How much does slip-on exhaust cost?

Slip-on exhausts are cheaper than full exhausts, but that can vary depending on the brand.

Generally speaking, slip-on will cost between $100 and $400 while full systems can range from $200 to several thousand dollars. It all depends on where you buy them and what kind of quality you need.

Luckily, there are a lot of options when it comes to slip-on; if you buy from a reputable company like Vance & Hines or Rifle, you shouldn’t have to spend much more than $300 for a good system that doesn’t require new headers.

What sets up apart are options like straight pipes (or high pipes) or quiet core inserts. Some high-end systems can run as much as $2,000!

Is it necessary to tune after installing slip-on exhausts?

Slip-on exhausts do not provide as much power as full exhaust systems, but they are designed to give your motorcycle a sharper engine note and improve its throttle response.

These improvements may or may not be enough of an improvement to making it worth investing in a complete system.

When deciding whether you want to upgrade, you should consider your type of riding.

If you use your motorcycle mainly for highway cruising, an aftermarket slip-on will probably provide noticeable gains that justify its price tag.

However, if you ride more aggressively or do more off-roading, a full exhaust system will give you much more noticeable performance enhancements at a fraction of the cost.

Is a full system louder than a slip-on?

The biggest difference between full and slip-on systems, in terms of noise levels, is that a full system will be louder when accelerating.

An aftermarket exhaust will produce a louder sound at high RPMs because it has larger diameter pipes that can flow more air. Slip-on is also quieter than full systems when cruising or cruising slowly (i.e., 1st gear, 25 mph).

That’s because slip-on won’t amplify or amplify very little low-frequency noise from engine and road vibrations as a full system does.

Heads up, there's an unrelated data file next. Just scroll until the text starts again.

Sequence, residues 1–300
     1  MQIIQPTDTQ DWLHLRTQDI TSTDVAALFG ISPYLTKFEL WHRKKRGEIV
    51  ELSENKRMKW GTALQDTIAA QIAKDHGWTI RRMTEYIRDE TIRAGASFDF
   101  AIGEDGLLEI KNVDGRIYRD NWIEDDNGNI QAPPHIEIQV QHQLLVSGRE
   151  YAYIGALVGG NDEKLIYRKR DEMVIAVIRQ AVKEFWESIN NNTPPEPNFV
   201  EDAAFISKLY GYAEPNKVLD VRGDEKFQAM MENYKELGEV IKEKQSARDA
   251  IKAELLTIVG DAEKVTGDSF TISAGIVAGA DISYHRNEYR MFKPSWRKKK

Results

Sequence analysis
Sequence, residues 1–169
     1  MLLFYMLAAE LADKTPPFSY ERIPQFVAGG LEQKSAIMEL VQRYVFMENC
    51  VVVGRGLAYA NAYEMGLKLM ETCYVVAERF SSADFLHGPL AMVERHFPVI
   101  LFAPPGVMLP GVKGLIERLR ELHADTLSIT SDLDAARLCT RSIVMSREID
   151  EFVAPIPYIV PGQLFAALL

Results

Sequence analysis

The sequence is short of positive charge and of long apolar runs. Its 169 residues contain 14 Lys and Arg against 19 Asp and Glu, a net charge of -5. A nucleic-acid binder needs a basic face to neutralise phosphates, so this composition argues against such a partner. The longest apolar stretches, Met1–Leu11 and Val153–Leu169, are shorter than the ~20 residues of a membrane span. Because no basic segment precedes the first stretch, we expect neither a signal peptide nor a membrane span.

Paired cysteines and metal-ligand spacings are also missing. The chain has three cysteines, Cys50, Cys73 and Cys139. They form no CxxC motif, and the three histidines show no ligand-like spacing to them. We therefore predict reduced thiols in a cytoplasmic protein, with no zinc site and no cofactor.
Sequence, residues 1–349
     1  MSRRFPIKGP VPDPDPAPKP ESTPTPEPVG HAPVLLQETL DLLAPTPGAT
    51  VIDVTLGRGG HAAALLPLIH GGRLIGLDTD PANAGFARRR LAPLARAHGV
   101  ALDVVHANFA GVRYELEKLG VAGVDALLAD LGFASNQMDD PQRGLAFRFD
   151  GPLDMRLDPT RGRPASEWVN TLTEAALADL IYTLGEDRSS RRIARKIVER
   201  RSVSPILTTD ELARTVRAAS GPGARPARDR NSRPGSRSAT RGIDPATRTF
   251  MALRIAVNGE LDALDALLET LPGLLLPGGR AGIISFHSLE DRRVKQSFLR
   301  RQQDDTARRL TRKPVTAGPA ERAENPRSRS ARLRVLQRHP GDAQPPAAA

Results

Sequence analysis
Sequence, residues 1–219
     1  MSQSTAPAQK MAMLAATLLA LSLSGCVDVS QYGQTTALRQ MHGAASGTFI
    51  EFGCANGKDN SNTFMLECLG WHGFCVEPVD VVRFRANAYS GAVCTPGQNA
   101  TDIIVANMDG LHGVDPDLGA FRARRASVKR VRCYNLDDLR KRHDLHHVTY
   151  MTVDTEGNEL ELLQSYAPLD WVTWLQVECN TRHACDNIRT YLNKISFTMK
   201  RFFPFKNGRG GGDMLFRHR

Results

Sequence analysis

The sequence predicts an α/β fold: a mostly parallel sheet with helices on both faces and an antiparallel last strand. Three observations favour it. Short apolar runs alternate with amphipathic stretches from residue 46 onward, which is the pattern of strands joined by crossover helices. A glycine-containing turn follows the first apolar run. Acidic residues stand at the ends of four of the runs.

So if you value quietness, a slip-on system may be best for you. But if you love loud engines, nothing beats a big-bore exhaust!

Is full exhaust better than slip-on?

There are three types of exhaust systems that you can buy.

They are slip-on, full, and half. Slip-on is significantly cheaper than both full and half systems. However, they leave a lot to be desired in terms of performance.

A full system offers good power gains while still being fairly cheap in price.

The only downside is it is slightly louder than a slip-on system and makes it difficult to pass the emissions tests (depending on where you live).

Half systems provide decent power gains but do not perform as well as a full system, although they’re typically quieter.

Are slip-on exhausts bad for motorcycles?

While slip-on exhausts have become increasingly popular, they can be a bad choice in certain situations.

Slip-on is lightweight and easy to install, which makes them great in theory. However, slip-on is designed with performance and sound quality in mind, not safety.

While there are few studies directly comparing full exhausts with slip-on, it’s safe to say that slip-on can hurt your motorcycle’s performance as well as compromise its ability to stay quiet.